Turkish Defense Minister Yasar Guler (R) poses for a photo with Minister of Defense of Somalia Abdulkadir Mohamed Nur (L) during the signing ceremony of Defense and Economic Cooperation Framework Agreement between two countries in Ankara, Turkiye on February 08, 2024. (Photo by Turkish National Defense Ministry / Handout/Anadolu via Getty Images)

BEIRUT — A recently announced defense deal between Somalia and Turkey to enhance the African nation’s naval capabilities is as much about Mogadishu’s sense of security as it is about Ankara’s ambition to project maritime power beyond its own shores, according to regional experts.

The two nations inked a defense and economic deal earlier this month, and on Feb. 22 Somalia explained that it had an agreement with Turkey for training and equipment for the Somali navy. Beyond that, few details were shared, but a Turkish defense official told journalists that his nation “will provide support in the field of maritime security, as we did in the field of fight against terrorism.”

“We will help Somalia develop its capacity and capabilities to combat illegal and irregular activities in its territorial waters,” the official said, according to reports.

The announcement appeared to be a direct reaction to an agreement between Ethiopia and Somaliland in which Ethiopia, Somalia’s rival, will be granted access to Somaliland coastline. Somalia’s president said that amounted to an attempt to annex part of his country.

But analysts told Breaking Defense that there is more to the naval deal than deterring Ethiopia. It’s also about Turkey’s long-held ambitions to project its power in the Red Sea region and opening the pathway to large defense deals in the future.

“While the agreement is partly a response to recent concerning events involving Ethiopia’s encroachment on Somalia’s territory via Somaliland, it should also be seen as the culmination of over a decade of extensive Turkish involvement in Somalia,” Ali Bakir, professor at Qatar University and non-resident senior fellow at the Atlantic Council’s Scowcroft Middle East Security Initiative, told Breaking Defense. “This involvement focused on nation-building, security, and humanitarian efforts during a time when Somalia was a forgotten nation by the international community. Cooperation extended across political, economic, and military spheres.”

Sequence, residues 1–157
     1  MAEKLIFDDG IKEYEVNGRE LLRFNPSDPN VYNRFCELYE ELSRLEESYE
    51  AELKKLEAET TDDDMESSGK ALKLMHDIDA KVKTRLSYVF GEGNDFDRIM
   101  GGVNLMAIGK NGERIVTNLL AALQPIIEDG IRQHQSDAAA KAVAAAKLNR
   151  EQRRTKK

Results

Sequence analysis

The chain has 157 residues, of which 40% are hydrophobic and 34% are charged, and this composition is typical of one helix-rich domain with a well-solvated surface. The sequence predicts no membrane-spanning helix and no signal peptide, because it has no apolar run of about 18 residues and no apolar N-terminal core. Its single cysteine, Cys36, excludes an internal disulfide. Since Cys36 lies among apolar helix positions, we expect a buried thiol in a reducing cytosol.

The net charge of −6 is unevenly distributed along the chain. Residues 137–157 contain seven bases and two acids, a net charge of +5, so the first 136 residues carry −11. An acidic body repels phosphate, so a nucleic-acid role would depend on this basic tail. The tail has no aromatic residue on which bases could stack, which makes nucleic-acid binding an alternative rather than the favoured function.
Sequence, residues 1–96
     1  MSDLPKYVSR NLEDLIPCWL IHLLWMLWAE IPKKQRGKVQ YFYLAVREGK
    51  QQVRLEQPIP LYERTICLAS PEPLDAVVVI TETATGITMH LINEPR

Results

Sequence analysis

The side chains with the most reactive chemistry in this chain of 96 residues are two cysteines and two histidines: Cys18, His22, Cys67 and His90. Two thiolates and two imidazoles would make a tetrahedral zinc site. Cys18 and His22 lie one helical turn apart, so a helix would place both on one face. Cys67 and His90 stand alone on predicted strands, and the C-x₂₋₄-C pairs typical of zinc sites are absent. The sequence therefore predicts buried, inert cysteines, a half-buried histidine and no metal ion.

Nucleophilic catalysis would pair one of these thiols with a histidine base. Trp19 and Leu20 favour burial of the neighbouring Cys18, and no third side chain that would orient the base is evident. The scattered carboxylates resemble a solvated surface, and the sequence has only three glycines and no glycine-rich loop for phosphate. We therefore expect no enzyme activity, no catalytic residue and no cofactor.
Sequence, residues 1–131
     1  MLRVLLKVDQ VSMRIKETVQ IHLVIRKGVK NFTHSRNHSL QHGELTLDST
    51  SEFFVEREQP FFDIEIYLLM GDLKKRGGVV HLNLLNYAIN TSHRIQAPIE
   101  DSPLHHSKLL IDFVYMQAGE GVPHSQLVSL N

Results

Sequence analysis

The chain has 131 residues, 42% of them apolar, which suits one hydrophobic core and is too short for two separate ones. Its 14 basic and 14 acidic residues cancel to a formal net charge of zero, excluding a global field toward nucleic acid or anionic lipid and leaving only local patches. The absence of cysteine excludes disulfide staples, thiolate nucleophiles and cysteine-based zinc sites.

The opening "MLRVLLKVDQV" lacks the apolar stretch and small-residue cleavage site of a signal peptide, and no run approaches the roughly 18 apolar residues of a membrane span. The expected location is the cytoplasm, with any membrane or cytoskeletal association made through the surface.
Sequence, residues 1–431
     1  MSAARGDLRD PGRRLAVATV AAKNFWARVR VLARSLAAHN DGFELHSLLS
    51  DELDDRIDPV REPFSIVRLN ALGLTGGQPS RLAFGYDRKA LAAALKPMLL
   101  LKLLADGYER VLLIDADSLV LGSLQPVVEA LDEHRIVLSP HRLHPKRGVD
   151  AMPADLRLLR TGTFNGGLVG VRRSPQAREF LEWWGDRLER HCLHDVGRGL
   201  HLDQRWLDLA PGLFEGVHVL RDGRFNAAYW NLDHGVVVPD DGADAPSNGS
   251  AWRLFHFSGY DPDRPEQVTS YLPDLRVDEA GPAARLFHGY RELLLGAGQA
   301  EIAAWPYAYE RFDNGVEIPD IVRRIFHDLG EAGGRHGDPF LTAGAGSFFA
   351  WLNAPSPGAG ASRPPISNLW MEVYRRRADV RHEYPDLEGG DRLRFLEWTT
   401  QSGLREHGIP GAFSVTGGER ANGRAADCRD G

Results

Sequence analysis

He highlighted that the agreement aims to secure mutual interests, positioning Ankara “as a significant player in the strategic dynamics of the Red Sea and the Horn of Africa in the times ahead. This can be seen also as a part of Ankara’s hard power projection capacity and forward defense policy that started in 2016.”

Describing Turkey’s naval expansion in the Red Sea as the “logical next step,” Norman Ricklefs who leads geopolitical consultancy NAMEA Group, told Breaking Defense that through the deal with Somalia, Ankara “will further enhance its defense ties with Somalia, which will bring benefits for the Turkish defense industry, and presumably other Turkish business interests, while solidifying Turkey’s military presence in the strategic Horn of Africa and Red Sea.”

He added that Turkey “is already a major regional power, active across the southern and eastern Mediterranean, active in Central Asia, Syria, and Iraq. It has the second largest army in NATO, and a very effective diplomatic corps. Expanding its naval presence in the Red Sea is the logical next step.”

Bakir said it wasn’t out of the realm of possibility to even envision a future naval base in Somalia. Bakir stressed that the relationship between Somalia and Turkey is not recent or surprising, since Turkey opened its first overseas military training facility in Somalia in 2017.

“Turkey has one of the most successful training and equipping programs in the world running in Somalia. Compared to the programs of its western peers, this program has been a success story. Hundreds of professional and highly trained military Somali soldiers are graduating annually from this program,” he added. “Given the depth of the ties between Mogadishu and Ankara, and the current regional developments related to both sides in the Red Sea, one cannot rule out the possibility of establishing a Turkish naval base in Somalia in the near future.”

In his opinion, Andreas Krieg, CEO of MENA Analytica, a London-based strategic risk consultancy firm focusing on the wider Middle East region, considered Somalia to be a part or Turkey’s wider strategy to secure supply chains and create strategic depth in the maritime domain.

“Turkey has developed a blue homeland strategy that was announced a couple of years ago. The idea was to reestablish Turkey as a as a maritime middle power with far reach beyond the Eastern Mediterranean and beyond its immediate shores to develop a blue water Navy with a reach and strategic depth that goes beyond the Mediterranean into the Red Sea and all the way down to the Horn of Africa and the Indian Ocean,” Krieg told Breaking Defense.

He added that such a deal with Somalia will like increase the possibility of Mogadishu’s procurement of Turkish naval platforms.

Turkey is one of the few Middle East countries that have a considerable number of shipyards to build locally military vessels and equip them.